For instance, a large retailer may use separate customer databases for their retail and online loyalty programs, he said. But for consumer using the retailer's mobile app, they will want to be able to walk into a retail outlet, get directed to the item they want, and then pay and redeem rewards either online or at the cash register, all without even pulling their wallets out.

"This kind of experience requires a level of backend system integration that we're just not seeing right now," Stark said.

Pre-empt user needs
Both Kok and Stark stated that another factor for companies to consider is how to maintain a good experience when using the app, and managing user expectations and feedback are par for the course.

Stark said that if companies are waiting for user feedback, they are "already too late". According to him, every app should include analytics from the start to track usage and consumer engagement.

"This is the only way to be proactive with upgrades and prioritize future development. Analyzing real-time usage gives a company the opportunity to surprise and delight its users by delivering updates that meet their implicit needs," he said.

For DBS Bank, its mobile strategy is geared toward delivering innovative, value-added mobile banking services that complement its network of banking channels, said Sandeep Lal, managing director of eBusiness for DBS's consumer banking group.

"Mobile banking remains a new frontier for the industry, and its ability to shape the future of customer engagement is immense," he noted in his e-mail. The bank's various mobile apps include DBS mBanking, DBS Shopper, DBS Indulge and DBS TravellerShield, which cover banking services, dining and shopping offers, and travel insurance, respectively.

Lal added that user experience continues to be an important factor for its suite of mobile banking products. For instance, to keep its mobile user experience safe and simple, only the most used services out of its full list of over 85 services available on Internet banking are offered on its mBanking app, he explained.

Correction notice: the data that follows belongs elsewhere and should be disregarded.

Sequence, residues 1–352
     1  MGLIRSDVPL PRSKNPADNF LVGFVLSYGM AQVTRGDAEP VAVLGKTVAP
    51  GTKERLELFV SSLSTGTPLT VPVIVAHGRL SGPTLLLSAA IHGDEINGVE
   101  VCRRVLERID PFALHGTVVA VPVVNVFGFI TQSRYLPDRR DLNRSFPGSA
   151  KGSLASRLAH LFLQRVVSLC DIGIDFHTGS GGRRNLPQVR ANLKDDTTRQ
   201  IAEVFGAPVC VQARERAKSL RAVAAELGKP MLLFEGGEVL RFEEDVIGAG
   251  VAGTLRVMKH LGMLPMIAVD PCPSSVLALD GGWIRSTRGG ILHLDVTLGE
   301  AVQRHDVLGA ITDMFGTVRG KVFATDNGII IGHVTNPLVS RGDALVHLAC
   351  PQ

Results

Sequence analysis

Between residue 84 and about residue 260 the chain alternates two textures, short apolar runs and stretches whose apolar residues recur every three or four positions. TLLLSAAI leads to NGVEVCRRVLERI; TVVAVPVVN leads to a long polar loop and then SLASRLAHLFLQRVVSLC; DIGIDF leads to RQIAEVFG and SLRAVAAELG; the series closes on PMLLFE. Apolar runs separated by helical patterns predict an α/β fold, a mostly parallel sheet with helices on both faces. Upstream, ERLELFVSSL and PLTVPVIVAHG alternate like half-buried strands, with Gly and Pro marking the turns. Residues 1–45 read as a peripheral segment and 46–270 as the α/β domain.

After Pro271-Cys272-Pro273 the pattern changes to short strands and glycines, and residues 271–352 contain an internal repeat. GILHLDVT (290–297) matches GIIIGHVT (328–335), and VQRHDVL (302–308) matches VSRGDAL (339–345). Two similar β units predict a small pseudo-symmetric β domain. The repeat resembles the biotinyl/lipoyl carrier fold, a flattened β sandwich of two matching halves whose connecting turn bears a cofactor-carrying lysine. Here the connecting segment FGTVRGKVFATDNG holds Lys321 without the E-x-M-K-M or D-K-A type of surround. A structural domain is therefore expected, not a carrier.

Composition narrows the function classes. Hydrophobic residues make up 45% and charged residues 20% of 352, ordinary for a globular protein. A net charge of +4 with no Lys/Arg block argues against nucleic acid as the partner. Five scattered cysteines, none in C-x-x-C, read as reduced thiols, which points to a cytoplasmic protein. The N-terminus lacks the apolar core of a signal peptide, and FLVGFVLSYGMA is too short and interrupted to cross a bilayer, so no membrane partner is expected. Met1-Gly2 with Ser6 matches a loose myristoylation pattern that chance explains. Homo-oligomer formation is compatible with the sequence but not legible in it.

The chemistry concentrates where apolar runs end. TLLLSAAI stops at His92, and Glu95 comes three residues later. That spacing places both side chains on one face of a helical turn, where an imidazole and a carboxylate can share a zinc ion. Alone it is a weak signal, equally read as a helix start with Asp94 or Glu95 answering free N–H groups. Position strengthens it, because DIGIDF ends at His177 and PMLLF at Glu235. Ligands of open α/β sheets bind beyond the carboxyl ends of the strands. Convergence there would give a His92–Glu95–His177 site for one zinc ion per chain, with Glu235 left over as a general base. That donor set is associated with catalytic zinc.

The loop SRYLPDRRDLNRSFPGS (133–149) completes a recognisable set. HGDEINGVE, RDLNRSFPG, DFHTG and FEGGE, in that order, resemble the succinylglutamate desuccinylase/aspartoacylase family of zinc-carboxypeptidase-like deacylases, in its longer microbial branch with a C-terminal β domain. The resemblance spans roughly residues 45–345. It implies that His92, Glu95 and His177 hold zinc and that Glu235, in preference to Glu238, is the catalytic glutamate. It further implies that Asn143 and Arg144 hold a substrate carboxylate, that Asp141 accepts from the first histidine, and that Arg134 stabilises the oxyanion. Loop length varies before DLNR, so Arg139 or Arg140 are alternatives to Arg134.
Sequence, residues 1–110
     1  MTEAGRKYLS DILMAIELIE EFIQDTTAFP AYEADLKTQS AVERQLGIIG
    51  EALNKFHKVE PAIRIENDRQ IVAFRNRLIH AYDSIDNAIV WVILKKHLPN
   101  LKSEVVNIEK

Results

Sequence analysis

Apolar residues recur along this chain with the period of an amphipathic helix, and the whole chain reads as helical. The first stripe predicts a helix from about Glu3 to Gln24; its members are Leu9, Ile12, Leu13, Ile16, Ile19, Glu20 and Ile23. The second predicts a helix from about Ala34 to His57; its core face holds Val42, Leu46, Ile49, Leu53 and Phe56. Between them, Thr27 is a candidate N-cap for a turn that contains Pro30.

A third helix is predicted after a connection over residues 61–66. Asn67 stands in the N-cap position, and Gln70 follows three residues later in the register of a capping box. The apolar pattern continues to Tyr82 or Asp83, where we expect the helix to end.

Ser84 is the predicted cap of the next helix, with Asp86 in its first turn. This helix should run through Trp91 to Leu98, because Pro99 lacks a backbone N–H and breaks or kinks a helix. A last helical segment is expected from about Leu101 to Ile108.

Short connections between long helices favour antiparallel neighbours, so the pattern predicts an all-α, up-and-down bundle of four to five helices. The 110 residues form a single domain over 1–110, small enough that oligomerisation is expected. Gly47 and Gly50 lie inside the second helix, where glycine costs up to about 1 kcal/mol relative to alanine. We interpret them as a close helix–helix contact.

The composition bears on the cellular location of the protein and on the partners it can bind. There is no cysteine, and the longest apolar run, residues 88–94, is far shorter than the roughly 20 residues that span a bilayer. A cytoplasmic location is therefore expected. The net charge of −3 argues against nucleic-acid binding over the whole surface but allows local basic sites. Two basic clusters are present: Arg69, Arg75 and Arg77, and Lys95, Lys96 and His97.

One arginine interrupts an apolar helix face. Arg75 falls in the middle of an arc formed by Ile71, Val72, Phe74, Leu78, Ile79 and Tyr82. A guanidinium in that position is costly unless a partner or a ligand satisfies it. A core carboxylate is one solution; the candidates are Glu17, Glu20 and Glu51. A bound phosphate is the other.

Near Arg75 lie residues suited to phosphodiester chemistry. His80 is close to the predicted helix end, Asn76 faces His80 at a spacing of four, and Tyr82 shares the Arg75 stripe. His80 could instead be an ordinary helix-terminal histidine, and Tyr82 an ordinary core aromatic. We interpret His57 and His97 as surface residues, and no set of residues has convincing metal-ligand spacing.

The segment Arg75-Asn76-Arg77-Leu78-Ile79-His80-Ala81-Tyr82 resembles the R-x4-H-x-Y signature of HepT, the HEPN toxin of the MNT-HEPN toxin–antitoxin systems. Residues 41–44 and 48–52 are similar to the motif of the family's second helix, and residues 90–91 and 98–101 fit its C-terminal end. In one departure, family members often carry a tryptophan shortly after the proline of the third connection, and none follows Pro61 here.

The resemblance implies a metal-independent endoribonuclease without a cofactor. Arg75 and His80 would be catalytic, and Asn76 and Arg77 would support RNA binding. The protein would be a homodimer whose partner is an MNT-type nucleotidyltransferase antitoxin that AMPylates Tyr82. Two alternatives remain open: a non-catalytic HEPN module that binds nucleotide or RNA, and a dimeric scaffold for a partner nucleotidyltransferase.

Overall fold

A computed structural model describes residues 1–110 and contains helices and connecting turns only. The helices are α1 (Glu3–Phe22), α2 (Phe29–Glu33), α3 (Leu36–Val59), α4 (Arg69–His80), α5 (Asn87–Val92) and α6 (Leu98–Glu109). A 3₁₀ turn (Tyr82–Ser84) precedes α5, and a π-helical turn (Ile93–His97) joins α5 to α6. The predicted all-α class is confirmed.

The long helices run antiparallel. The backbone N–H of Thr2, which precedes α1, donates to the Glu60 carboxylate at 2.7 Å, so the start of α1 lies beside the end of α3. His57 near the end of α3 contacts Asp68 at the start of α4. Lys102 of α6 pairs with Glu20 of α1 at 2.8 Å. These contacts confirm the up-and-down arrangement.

For sports brand Adidas, having a clear roadmap with planned updates and key features that guide its management and maintenance of its miCoach fitness app is key to the deployment, according to Kevin Vacca, global brand marketing manager for miCoach at Adidas.

He added that both consumers' needs and expectations and mobile technologies evolve, so it is imperative that the company continues updating the app's experience.

"Given the nature of the miCoach app, users often identify areas where we can improve or provide recommendations for features that would be beneficial to them. We have a team of developers in place who monitor these comments and feedback, so if there is a critical issue, we can provide a solution quickly," he said.

There is also a customer support team, which is proficient in 11 languages, to help users who face problems using the app, Vacca added. It also addresses all feedback--whether good or bad--across various platforms such as app stores, miCoach forums, Facebook and Twitter, he said.

Topics: IT Employment, Apps, Browser, Enterprise Software, Mobility, Networking, Software, Software Development

Jamie Yap

About Jamie Yap

Jamie writes about technology, business and the most obvious intersection of the two that is software. Other variegated topics include--in one form or other--cloud, Web 2.0, apps, data, analytics, mobile, services, and the three Es: enterprises, executives and entrepreneurs. In a previous life, she was a writer covering a different but equally serious business called show business.